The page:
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Home of the Brave

MAR 24 (MUSKOGEE, Okla.) - The United States Attorney’s Office for the Eastern District of Oklahoma, announced that the following individuals were indicted on charges stemming from a drug conspiracy.  All defendants are charged with Drug Conspiracy; and various defendants are charged with related crimes, including, Continuing Criminal Enterprise; Possession With Intent To Distribute Methamphetamine; Distribution Of Methamphetamine; Use Of A Communication Device In Furtherance Of Drug Trafficking; Possession Of Firearm In Furtherance Of A Drug Trafficking Crime; and Felon In Possession Of Firearm; and a Drug Forfeiture allegation:
       
Cody Mcclendon, 35, of Tahlequah, Oklahoma
Michael Lincoln, 39, of Tulsa, Oklahoma
Amber Claphan, 33, of Stilwell, Oklahoma
Donald Trammel, 40, of Tahlequah, Oklahoma
Samantha Smith, 21, of Muskogee, Oklahoma
Teresa Chagolla, 54, of Tahlequah, Oklahoma
Jacob Horton Masters Jr, 54, of Tulsa, Oklahoma
Nathan Rowden Green, 27, of Hulbert, Oklahoma
Dusty Allen Drywater, 33, of Tahlequah, Oklahoma
Ashley Noel Steele, 29, of Tahlequah, Oklahoma
Jimmy W. Sequichie Jr., 24, of Tahlequah, Oklahoma
Regina Ann Ballard, a/k/a Regina Hummingbird, 37, of Stilwell, Oklahoma
Matilda Kay Birdtail, 20, of Tahlequah, Oklahoma
Frederic Petersen Beck Jr., 53, of Tahlequah, Oklahoma
Gary Wayne Wilder, 35, of Tahlequah, Oklahoma
Brenda Aileen Airington, 54, of Kellyville, Oklahoma
Bryan Steven Lafavor, 34, of Checotah, Oklahoma
                               
The Superseding Indictment alleges that from beginning in or about the end of 2013, and continuing until on or about January 27, 2016, within the Eastern District of Oklahoma and elsewhere, the defendants did knowingly and intentionally conspire, confederate and agree with each other, and with others to possess with intent to distribute and distribute methamphetamine.
       
The Investigation revealed that Cody McClendon III, a/k/a Cody-Mac, an Indian Brother Hood (IBH) gang member, while an inmate with the Oklahoma Department of Corrections in McAlester, Oklahoma, was utilizing a contraband cell phone that he kept hidden on his person and inside his prison cell to facilitate the sale and distribution of methamphetamine. McClendon was doing this by using the cell phone to communicate with co-conspirators via audio phone calls, text messages, and by communicating on Facebook.  The defendants, through their affiliation with the IBH prison gang, promoted a climate of fear through threats of violence and attempted to commit acts of violence to protect and expand the drug organization’s criminal operations.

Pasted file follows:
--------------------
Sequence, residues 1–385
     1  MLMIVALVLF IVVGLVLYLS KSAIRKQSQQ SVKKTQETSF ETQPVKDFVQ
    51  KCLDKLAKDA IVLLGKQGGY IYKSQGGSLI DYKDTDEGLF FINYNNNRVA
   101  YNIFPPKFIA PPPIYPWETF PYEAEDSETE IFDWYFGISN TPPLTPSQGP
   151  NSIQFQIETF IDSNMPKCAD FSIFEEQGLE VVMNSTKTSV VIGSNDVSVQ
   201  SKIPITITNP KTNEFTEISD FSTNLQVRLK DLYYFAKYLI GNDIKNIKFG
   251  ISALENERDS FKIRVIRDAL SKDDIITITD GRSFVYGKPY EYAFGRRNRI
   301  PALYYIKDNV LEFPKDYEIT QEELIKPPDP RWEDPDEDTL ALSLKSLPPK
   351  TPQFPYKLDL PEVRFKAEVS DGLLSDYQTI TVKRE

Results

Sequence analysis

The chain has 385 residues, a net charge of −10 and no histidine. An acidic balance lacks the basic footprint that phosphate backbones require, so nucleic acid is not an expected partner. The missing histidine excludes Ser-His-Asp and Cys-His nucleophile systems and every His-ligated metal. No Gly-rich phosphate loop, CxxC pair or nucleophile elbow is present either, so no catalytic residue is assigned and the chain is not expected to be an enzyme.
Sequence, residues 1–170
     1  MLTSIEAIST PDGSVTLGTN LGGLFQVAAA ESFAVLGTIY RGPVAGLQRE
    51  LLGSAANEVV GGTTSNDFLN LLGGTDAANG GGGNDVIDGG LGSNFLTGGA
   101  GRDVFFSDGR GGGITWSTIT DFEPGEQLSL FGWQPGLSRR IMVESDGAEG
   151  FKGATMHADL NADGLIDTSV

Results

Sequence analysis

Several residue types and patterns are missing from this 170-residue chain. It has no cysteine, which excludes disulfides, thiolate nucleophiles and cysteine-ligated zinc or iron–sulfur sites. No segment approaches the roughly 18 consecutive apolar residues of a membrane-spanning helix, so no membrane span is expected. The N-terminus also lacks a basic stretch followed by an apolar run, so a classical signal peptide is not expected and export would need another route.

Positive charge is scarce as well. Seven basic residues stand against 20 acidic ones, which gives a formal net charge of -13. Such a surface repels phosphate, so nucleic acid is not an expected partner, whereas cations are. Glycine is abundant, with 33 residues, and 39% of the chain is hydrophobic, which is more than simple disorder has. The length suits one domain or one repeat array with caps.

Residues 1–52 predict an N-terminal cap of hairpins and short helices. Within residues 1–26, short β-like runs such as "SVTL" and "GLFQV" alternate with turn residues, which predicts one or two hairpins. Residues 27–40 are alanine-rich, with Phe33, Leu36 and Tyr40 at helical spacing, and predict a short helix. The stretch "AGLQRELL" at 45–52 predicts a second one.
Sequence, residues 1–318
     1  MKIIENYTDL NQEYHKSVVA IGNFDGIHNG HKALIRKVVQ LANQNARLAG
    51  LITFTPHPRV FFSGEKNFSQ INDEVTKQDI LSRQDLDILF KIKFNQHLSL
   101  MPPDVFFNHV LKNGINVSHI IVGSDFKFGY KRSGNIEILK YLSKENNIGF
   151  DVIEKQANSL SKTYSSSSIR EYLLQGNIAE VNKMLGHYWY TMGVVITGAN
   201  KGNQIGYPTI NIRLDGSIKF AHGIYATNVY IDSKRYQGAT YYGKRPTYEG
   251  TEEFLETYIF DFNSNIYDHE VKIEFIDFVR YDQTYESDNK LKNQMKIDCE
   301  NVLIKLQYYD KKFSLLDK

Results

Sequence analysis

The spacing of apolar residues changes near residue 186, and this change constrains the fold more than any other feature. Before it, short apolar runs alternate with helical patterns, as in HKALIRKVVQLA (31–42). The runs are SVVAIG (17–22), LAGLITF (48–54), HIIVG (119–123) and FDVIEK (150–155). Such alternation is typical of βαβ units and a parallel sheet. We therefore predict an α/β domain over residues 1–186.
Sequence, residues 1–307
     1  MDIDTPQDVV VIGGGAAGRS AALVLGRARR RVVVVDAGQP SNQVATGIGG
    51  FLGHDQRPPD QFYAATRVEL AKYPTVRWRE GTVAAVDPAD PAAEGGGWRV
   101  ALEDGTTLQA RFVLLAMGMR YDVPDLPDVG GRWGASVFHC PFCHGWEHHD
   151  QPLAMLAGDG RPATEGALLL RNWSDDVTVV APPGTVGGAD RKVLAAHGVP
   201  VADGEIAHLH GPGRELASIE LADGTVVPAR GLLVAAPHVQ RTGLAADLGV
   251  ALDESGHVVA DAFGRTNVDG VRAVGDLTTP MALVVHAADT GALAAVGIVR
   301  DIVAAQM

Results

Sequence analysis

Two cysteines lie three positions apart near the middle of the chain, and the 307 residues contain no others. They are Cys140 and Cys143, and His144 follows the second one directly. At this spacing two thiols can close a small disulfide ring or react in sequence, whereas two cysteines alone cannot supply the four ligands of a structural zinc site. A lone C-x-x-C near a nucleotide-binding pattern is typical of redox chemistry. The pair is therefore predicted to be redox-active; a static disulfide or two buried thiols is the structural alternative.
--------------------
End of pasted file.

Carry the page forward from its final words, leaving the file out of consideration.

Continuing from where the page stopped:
The charges arose from a joint investigation entitled “Home of the Brave” coordinated by the Organized Crime Drug Enforcement Task Force (OCDETF) of the Eastern District of Oklahoma.  OCDETF is an initiative led and coordinated by the Office of the United States Attorney.  The agencies involved in the investigation were the Oklahoma Bureau of Narcotics, the McAlester Police Department, the Tahlequah Police Department, the Muskogee Police Department, the Cherokee County Sheriff’s Department, Districts 13, 18, 25 and 27 District Attorney’s Drug Task Forces and Violent Crime Task Forces, the Muskogee County District Attorney’s Office, the Seminole Nation Lighthorse Police Department, the Oklahoma Department of Corrections, the Bureau of Indian Affairs and the McAlester and Tulsa Offices of the Drug Enforcement Administration.

The Honorable Kimberly E. West, Magistrate Judge in the United States District Court for the Eastern District of Oklahoma, in Muskogee, presided over the hearings.  All defendants were remanded into the custody of the United States Marshals Service.

Assistant United States Attorney Shannon Henson represented the United States.

An Indictment does not constitute evidence of guilt.  An Indictment is a method of bringing charges against a defendant.  A defendant is presumed innocent of the charges and may not be found guilty unless evidence establishes guilt beyond a reasonable doubt.  United States Sentencing Guidelines may be considered, upon conviction, by the sentencing court.
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